Repeating the Obvious

Repeating the Obvious

Perhaps we don’t say this often enough, but the commitment of A Minor Consideration to help young performers has not lessened from the day we started back in 1990. If there’s a young person in trouble and they work in the entertainment industry, please, for God’s sake, let us know. We understand discretion and we keep secrets better than any group you know. Anonymity is guaranteed when events and concerns are reported in real time. Our contact number is listed on our Home Page. There’s just no excuse not to call.

Thousands of people are currently working in the Industry. Thousands. Among those at work today or who are about to go to work in the coming weeks are professionals who have significant “issues” that need to be addressed. An impaired actor puts hundreds of jobs at risk, not to mention the dangers posed to themselves. A crew member with a critical function can harm himself and others whether they’re working high, driving a rig or serving food. Our particular expertise is with the performers under 17 years old, and those who are former kid stars. Cory Monteith was at the outer edge of our mandate, but we are not bound by arbitrary age limits. The point of this posting is to remind folks that we are here and that getting the right kind of help is vitally important to lasting recovery. If you see, smell or sense trouble and don’t know what to do, give us a call.

Drugs and alcohol are bad enough, but when you throw in the complications of juvenile celebrity, the dangers of unrestricted social media, plus an irresponsible Press you have a prescription for disaster. One thing we’ve learned since our beginnings in 1990 is that in every case of personal disaster there were plenty of signs and portends of impending trouble. Someone, nearly always, knew something.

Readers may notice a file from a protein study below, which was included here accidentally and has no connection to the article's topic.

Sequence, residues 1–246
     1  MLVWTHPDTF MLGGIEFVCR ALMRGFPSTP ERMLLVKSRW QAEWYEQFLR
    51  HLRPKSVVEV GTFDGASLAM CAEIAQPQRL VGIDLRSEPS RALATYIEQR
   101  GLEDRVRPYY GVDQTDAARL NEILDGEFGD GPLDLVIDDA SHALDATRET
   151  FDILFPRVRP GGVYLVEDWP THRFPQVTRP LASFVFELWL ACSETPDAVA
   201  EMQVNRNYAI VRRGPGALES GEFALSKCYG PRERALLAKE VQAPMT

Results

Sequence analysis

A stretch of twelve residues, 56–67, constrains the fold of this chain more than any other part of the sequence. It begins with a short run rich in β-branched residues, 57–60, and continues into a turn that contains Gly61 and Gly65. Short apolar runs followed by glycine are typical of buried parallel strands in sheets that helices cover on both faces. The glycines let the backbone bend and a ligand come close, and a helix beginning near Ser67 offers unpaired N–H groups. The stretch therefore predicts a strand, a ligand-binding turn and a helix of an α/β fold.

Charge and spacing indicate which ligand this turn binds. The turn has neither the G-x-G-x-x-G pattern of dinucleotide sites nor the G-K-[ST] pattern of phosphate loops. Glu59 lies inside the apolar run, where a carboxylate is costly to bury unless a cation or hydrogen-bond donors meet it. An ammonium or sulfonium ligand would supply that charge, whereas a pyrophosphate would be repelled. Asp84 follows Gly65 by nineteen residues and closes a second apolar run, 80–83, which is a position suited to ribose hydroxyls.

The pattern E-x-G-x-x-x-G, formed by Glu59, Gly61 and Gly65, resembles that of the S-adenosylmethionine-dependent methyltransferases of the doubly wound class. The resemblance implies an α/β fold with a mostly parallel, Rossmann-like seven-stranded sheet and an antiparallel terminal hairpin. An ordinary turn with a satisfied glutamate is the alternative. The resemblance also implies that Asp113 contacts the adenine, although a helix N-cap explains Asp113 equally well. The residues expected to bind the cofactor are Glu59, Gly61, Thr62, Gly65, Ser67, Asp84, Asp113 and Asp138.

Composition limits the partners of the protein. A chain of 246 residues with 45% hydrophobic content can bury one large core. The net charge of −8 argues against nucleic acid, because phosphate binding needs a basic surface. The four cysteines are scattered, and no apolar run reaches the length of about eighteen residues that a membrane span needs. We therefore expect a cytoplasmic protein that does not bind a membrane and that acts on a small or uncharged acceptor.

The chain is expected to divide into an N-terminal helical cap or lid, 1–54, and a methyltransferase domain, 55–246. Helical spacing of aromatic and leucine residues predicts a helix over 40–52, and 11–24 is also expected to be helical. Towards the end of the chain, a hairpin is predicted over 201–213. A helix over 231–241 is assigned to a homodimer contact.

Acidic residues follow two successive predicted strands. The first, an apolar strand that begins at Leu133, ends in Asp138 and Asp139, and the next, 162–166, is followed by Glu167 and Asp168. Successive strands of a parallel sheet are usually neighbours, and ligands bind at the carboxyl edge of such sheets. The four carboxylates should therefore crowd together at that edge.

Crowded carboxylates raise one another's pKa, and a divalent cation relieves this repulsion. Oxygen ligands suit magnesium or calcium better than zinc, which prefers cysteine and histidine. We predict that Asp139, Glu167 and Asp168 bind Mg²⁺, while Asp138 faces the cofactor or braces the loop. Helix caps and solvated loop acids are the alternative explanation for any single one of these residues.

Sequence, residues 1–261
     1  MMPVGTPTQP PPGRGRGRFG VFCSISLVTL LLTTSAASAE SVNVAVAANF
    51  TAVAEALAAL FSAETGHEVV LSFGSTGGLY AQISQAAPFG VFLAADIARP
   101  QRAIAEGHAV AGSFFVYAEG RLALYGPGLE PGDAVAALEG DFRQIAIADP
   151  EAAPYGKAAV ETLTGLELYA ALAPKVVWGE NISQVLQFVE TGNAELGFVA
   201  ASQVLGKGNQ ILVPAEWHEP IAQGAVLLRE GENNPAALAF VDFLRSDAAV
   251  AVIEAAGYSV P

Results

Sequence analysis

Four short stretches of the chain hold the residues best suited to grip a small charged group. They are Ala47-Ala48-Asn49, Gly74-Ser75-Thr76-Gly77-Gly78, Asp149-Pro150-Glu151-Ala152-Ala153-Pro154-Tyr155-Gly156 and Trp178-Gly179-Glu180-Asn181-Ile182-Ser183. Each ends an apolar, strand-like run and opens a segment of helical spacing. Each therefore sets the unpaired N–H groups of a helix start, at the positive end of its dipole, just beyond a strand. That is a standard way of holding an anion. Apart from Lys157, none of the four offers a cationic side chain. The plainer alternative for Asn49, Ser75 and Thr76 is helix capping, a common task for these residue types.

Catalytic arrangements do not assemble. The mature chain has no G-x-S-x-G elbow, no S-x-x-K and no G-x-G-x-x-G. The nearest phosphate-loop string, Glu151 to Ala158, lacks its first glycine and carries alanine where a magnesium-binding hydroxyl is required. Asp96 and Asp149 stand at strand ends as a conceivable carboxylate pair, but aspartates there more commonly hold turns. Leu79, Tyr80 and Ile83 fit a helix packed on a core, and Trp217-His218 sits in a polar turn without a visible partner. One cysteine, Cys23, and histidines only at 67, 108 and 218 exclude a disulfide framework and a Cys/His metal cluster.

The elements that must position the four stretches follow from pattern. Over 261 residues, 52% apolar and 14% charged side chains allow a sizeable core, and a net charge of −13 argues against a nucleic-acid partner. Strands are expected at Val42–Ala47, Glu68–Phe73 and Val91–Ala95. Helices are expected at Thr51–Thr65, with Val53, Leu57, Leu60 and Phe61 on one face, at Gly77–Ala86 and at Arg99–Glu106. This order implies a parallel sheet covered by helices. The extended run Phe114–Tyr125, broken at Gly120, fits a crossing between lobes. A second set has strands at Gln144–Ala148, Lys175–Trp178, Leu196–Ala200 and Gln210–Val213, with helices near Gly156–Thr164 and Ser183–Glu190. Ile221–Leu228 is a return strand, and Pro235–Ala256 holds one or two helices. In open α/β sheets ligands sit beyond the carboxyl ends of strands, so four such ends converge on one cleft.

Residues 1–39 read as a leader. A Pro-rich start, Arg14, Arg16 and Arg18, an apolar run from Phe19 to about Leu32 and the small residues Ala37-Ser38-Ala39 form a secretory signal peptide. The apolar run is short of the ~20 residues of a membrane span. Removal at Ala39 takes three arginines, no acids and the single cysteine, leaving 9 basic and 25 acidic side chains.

It’s not just co-workers and family members who can call. You might be a bartender who sees something coming down that smells like a rat, or a producer who sees persistent tardiness and/or a shrinking of capabilities. You may be a studio teacher who catches hints of disassociation. You might even be a therapist who finds that you can’t handle the sophisticated defenses of the confused but endearing addict who has come to you for help.

We are not miracle workers. We do, however, have tools that are not available to the average stage-parent, therapist, or high-priced rehabilitation spa. We’ve done our share of lying and using and hiding behind our fame. We have dealt with the loss of careers and the estrangement of dependant families. We don’t gossip or dish dirt. We don’t play the blame game. Our services and support are free. We don’t give up and we always answer the phone. If you are close enough to a young performer, past, present or future, to see or suspect danger it’s worth your time to make a call. You may think you know better than the people who have “been there,” but you don’t.

Paul Petersen